The widow of a state police trooper shot and killed by a survivalist in a 2014 ambush described a sad, lonely life without him and said their two young sons are struggling.
"I don't have a break. I'm just really tired," Tiffany Dickson, the widow of Cpl. Bryon Dickson II, told jurors on Thursday at the trial of her husband's killer. "He was my break, and he was a really good teammate. I'm just angry I can't grow old with him now."
She testified at a hearing to determine whether Eric Frein will be sentenced to death or to life in prison without parole.
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Frein, 33, was convicted on Wednesday of all 12 charges he faced after targeting the state police in a late-night sniper attack. He was captured after a weekslong manhunt.
The focus on Thursday shifted to the impact of Frein's crimes. He killed Dickson, a 38-year-old Marine veteran, and critically wounded Trooper Alex Douglass, who was shot through both hips as he came to the aid of his mortally wounded comrade and suffers from a range of health problems. Douglass told the jurors he might have to have one of his legs amputated below the knee.
In emotional testimony that left some in the courtroom shaken, Tiffany Dickson recalled how she spoke to her husband on the phone about 30 minutes before he was killed.
"Kiss the boys for me. I love you," she said he told her.
Less than two hours later, two troopers and a priest showed up at their door.
After Dickson's killing, their older son, who had just turned 8, couldn't eat or sleep, and he started biting himself and wetting the bed.
"He screamed, 'I just want to die. I want to see Daddy. Can't we just die together?'" Tiffany Dickson said, adding he had to be medicated.
Her younger son, who was 5 at the time, was angry and likewise couldn't eat or sleep. He remains defiant and hates school, she said.
She said she's lost part of her own identity.
"I'm the widow of the slain trooper," she said. "I'm a widow. Everybody loves that word."
Prosecutors urged the same jury that convicted Frein to send him to death row, while defense lawyers argued for a sentence of life without parole. The penalty phase is expected to wrap up early next week.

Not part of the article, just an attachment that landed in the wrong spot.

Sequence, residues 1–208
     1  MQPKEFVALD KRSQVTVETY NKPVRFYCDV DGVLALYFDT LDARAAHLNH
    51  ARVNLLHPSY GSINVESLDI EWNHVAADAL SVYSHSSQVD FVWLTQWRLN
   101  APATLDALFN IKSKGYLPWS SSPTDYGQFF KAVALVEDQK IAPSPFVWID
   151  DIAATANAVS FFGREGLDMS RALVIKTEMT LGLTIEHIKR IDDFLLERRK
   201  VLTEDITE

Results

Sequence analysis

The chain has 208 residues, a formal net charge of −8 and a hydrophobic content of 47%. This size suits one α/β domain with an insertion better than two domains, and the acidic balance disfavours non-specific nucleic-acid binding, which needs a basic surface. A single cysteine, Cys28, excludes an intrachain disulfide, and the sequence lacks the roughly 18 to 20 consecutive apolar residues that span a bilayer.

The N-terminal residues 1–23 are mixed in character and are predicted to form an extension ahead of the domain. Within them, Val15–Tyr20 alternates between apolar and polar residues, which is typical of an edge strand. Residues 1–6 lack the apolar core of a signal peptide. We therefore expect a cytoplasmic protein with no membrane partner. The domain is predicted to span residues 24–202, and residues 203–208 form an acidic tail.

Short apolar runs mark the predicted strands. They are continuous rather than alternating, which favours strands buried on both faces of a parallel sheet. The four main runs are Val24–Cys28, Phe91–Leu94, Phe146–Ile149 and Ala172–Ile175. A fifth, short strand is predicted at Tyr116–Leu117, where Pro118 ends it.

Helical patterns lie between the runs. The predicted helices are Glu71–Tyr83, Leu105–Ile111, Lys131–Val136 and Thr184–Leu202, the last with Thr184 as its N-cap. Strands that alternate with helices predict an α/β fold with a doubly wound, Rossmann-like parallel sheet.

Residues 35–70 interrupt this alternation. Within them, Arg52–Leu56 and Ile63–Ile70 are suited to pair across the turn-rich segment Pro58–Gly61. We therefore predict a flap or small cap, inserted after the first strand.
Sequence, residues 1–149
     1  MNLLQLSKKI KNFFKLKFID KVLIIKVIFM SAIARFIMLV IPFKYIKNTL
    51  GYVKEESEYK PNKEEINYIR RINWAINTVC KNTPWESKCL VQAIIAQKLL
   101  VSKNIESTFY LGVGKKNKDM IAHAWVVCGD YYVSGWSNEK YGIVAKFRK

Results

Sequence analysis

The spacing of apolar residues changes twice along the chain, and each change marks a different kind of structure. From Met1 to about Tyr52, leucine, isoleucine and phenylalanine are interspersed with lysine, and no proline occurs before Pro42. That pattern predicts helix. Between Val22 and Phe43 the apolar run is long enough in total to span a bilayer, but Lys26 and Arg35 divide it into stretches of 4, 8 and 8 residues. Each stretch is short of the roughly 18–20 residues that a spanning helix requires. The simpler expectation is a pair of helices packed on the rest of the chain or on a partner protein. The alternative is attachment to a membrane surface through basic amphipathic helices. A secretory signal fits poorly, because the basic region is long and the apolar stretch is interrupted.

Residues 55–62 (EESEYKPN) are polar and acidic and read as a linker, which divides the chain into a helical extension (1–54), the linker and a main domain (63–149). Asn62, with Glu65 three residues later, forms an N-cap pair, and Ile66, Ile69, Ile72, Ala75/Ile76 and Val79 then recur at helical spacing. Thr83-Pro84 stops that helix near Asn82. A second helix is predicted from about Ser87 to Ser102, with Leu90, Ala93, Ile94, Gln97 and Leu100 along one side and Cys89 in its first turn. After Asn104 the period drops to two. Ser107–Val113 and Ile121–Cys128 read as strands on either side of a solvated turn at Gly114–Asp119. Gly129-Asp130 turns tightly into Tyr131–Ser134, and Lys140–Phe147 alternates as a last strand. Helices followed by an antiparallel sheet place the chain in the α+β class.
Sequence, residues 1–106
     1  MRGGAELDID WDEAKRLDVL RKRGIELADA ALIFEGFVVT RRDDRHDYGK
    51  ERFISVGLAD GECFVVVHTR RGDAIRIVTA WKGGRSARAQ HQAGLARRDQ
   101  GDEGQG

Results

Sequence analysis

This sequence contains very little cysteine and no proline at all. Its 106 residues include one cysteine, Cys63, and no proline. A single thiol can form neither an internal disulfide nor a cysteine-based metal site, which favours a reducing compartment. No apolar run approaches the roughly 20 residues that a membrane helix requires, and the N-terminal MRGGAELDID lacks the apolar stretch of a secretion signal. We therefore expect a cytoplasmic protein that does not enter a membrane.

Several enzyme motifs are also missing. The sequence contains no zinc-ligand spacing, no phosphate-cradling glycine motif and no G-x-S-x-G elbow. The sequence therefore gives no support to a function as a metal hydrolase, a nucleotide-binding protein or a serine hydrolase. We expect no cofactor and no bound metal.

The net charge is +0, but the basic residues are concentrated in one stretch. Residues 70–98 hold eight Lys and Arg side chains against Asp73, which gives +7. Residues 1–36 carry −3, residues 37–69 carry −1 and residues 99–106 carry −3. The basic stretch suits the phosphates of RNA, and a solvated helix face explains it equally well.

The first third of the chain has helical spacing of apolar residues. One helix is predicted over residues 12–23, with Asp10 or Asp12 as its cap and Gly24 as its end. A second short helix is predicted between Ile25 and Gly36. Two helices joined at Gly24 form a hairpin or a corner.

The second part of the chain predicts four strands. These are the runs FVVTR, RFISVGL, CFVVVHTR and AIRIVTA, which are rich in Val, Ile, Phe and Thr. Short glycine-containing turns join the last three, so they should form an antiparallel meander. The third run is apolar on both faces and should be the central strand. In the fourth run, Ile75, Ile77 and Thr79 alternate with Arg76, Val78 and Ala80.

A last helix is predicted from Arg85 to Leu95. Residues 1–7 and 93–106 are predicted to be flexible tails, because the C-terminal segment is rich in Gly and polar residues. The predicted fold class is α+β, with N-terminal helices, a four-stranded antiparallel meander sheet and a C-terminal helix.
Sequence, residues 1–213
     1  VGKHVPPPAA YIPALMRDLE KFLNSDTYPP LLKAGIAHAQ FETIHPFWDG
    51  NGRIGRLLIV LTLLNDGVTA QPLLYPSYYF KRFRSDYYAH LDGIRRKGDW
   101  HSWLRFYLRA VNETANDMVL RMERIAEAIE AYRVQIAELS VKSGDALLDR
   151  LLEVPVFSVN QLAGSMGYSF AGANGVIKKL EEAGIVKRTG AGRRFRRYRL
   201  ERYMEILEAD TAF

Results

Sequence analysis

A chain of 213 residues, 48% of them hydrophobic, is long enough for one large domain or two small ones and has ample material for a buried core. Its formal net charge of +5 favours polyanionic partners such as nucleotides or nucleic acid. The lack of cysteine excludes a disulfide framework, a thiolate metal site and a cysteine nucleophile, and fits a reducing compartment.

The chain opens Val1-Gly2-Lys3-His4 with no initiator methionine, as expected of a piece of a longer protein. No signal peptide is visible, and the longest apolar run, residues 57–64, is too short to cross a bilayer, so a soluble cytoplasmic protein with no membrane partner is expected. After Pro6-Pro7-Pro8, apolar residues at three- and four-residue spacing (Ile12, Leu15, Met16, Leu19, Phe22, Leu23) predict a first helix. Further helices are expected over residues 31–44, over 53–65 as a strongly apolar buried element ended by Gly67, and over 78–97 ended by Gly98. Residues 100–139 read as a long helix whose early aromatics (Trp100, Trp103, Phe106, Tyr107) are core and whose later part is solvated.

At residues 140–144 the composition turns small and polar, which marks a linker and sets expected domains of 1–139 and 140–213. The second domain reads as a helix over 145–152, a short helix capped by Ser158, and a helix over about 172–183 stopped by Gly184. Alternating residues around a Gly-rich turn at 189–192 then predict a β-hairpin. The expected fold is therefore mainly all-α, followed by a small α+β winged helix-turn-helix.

Frein melted into the woods after taking four shots with a high-powered rifle, eluding capture for nearly seven weeks. Prosecutors say he opened fire on random troopers at the Blooming Grove barracks in the Pocono Mountains, in northeastern Pennsylvania, because he was trying to spark a revolution.
"Think about what that means," Pike County First Assistant District Attorney Bruce DeSarro told the jury on Thursday as he opened the penalty phase of the trial. "This defendant was attacking our system of government."
Frein's lawyer, William Ruzzo, asked jurors to show mercy. He described Frein as a loner and "geeky guy" who tried to emulate his father, a retired major with a doctorate in microbiology, but could never measure up. He said Frein and his father shared a mistrust of authority.
Frein wrote a letter to his parents while on the run, advocating revolution as a way to "get us back the liberties we once had."
He was convicted of first-degree murder of a law enforcement officer, attempted murder, terrorism and two weapons of mass destruction counts related to small bombs he left in the woods during the manhunt.
Police linked Frein to the ambush after a man walking his dog discovered his partly submerged SUV three days later in a swamp a few miles from the shooting scene. Inside, investigators found shell casings matching those found at the barracks and Frein's driver's license.
The discovery sparked a manhunt that involved 1,000 law enforcement officials and spanned more than 300 square miles, rattling communities throughout the Poconos.